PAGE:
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Pupil-teacher gender interaction effects on scholastic outcomes in England and the USA

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  • Ammermüller, Andreas
  • Dolton, Peter J.

Abstract

The difference between girls and boys academic performance is a major issue on both sides of the Atlantic. Do boys and girls fair better with a teacher of their own gender? This paper investigates the presence of such ?pupil-teacher gender interactions? on scholastic performance. We use data from PIRLS and TIMSS on Reading, Science and Maths at grade 4 and grade 8 for England and the USA for data from 1995, 1999, 2001 and 2003. We find evidence of gender interaction effects in the form of both positive male interaction effects in Maths scores in the US and Science scores in England at grade 8. Further, using individual fixed effects, Gain score analysis of the difference between Maths and Science scores confirms the presence of Maths gender interaction effects in England (but not the USA) at grade 8 by 2003 when these effects were not present in 1995 or 1999.

Suggested Citation

  • Ammermüller, Andreas & Dolton, Peter J., 2006. "Pupil-teacher gender interaction effects on scholastic outcomes in England and the USA," ZEW Discussion Papers 06-060, ZEW - Zentrum für Europäische Wirtschaftsforschung / Center for European Economic Research.
  • Handle: RePEc:zbw:zewdip:5454
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    References listed on IDEAS

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    1. Stephen Machin & Sandra McNally, 2005. "Gender and Student Achievement in English Schools," Oxford Review of Economic Policy, Oxford University Press, vol. 21(3), pages 357-372, Autumn.
    2. Petra E. Todd & Kenneth I. Wolpin, 2003. "On The Specification and Estimation of The Production Function for Cognitive Achievement," Economic Journal, Royal Economic Society, vol. 113(485), pages 3-33, February.
    3. Victor Lavy, 2004. "Do Gender Stereotypes Reduce Girls' Human Capital Outcomes? Evidence from a Natural Experiment," NBER Working Papers 10678, National Bureau of Economic Research, Inc.
    4. Thomas S. Dee, 2004. "Teachers, Race, and Student Achievement in a Randomized Experiment," The Review of Economics and Statistics, MIT Press, vol. 86(1), pages 195-210, February.
    5. Robert Mislevy, 1991. "Randomization-based inference about latent variables from complex samples," Psychometrika, Springer;The Psychometric Society, vol. 56(2), pages 177-196, June.
    6. Eric P. Bettinger & Bridget Terry Long, 2005. "Do Faculty Serve as Role Models? The Impact of Instructor Gender on Female Students," American Economic Review, American Economic Association, vol. 95(2), pages 152-157, May.
    7. Holmlund, Helena & Sund, Krister, 2008. "Is the gender gap in school performance affected by the sex of the teacher," Labour Economics, Elsevier, vol. 15(1), pages 37-53, February.
    8. Simon Burgess & Brendon McConnell & Carol Propper & Deborah Wilson, 2004. "Girls Rock, Boys Roll: An Analysis of the Age 14-16 Gender Gap in English Schools," Scottish Journal of Political Economy, Scottish Economic Society, vol. 51(2), pages 209-229, May.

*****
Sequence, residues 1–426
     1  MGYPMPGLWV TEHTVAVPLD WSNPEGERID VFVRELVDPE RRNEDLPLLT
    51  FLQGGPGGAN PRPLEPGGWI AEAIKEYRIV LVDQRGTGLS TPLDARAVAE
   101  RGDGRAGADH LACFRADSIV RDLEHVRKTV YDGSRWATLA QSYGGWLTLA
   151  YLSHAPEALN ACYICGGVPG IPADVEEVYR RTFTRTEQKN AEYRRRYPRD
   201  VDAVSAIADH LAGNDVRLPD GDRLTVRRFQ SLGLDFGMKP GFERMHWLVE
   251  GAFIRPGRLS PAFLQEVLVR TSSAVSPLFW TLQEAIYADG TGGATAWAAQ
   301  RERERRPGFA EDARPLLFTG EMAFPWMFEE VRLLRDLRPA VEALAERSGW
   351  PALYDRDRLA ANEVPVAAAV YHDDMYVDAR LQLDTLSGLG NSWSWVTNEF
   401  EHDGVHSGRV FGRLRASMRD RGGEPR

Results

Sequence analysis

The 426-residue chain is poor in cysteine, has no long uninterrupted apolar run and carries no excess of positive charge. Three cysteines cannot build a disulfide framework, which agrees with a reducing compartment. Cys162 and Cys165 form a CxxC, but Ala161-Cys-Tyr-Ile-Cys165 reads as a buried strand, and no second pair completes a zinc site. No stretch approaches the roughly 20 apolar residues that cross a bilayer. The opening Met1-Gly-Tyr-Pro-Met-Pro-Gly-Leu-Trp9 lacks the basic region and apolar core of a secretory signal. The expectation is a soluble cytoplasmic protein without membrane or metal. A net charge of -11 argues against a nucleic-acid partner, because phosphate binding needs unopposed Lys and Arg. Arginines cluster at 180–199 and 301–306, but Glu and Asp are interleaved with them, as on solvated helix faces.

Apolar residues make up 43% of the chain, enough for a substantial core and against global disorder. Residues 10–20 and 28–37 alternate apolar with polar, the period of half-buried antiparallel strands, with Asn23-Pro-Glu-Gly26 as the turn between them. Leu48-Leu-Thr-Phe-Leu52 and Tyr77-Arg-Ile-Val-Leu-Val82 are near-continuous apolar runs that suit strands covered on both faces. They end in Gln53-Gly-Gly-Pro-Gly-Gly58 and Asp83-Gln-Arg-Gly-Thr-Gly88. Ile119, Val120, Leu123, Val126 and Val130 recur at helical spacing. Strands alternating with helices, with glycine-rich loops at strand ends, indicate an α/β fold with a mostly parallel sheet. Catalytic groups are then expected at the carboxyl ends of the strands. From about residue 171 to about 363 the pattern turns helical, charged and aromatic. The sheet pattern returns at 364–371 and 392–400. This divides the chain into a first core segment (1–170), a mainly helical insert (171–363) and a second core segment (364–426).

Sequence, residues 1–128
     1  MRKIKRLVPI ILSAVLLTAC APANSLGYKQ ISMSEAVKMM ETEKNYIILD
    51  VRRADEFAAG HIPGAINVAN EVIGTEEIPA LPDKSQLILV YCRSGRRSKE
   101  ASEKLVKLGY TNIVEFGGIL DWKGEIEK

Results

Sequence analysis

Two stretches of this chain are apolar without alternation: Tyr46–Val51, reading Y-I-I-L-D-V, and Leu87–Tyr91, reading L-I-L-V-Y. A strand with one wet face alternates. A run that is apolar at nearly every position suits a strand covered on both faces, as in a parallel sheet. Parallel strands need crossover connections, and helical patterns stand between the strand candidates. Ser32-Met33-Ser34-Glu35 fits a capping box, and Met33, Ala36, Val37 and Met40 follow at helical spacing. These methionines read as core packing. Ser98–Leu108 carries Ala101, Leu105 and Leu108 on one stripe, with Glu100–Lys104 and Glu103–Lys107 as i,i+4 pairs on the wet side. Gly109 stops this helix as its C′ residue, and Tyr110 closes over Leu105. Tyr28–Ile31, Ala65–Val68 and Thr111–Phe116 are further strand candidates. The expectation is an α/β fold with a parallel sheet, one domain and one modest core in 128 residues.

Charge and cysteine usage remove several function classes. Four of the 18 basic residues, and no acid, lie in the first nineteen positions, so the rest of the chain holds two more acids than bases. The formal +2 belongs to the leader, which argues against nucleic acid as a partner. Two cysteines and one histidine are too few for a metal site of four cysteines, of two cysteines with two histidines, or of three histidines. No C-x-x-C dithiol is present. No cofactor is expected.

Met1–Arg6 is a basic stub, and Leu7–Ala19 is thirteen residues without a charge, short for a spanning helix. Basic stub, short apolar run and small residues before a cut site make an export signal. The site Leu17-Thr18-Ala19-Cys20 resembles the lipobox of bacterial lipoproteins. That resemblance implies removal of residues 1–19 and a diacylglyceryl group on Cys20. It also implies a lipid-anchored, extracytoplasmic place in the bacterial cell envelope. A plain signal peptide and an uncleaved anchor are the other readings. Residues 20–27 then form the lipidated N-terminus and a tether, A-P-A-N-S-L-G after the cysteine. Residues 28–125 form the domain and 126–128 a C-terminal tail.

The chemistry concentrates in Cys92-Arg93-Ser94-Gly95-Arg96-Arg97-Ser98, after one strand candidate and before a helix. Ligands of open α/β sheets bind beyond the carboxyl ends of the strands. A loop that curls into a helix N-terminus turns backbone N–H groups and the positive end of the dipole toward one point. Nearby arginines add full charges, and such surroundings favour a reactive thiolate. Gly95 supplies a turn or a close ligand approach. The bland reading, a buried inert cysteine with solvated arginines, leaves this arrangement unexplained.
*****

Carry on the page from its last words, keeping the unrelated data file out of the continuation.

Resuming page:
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    Cited by:

    1. Tuomas Pekkarinen, 2008. "Gender Differences in Educational Attainment: Evidence on the Role of Tracking from a Finnish Quasi-experiment," Scandinavian Journal of Economics, Wiley Blackwell, vol. 110(4), pages 807-825, December.
    2. Martin Schlotter & Guido Schwerdt & Ludger Woessmann, 2011. "Econometric methods for causal evaluation of education policies and practices: a non-technical guide," Education Economics, Taylor & Francis Journals, vol. 19(2), pages 109-137.
    3. Paredes, Valentina, 2014. "A teacher like me or a student like me? Role model versus teacher bias effect," Economics of Education Review, Elsevier, vol. 39(C), pages 38-49.
    4. Hanushek, Eric A. & Woessmann, Ludger, 2011. "The Economics of International Differences in Educational Achievement," Handbook of the Economics of Education, Elsevier.
    5. Nadir Altinok & Geeta Kingdon, 2012. "New Evidence on Class Size Effects: A Pupil Fixed Effects Approach," Oxford Bulletin of Economics and Statistics, Department of Economics, University of Oxford, vol. 74(2), pages 203-234, April.
    6. Metzler, Johannes & Woessmann, Ludger, 2012. "The impact of teacher subject knowledge on student achievement: Evidence from within-teacher within-student variation," Journal of Development Economics, Elsevier, vol. 99(2), pages 486-496.
    7. Sprietsma, Maresa, 2010. "Explaining the persisting mathematics test score gap between boys and girls," ZEW Discussion Papers 10-101, ZEW - Zentrum für Europäische Wirtschaftsforschung / Center for European Economic Research.
    8. Cho, Insook, 2012. "The effect of teacher–student gender matching: Evidence from OECD countries," Economics of Education Review, Elsevier, vol. 31(3), pages 54-67.
    9. De Ree,Joppe Jaitze, 2016. "How much teachers know and how much it matters in class : analyzing three rounds of subject-specific test score data of Indonesian students and teachers," Policy Research Working Paper Series 7556, The World Bank.

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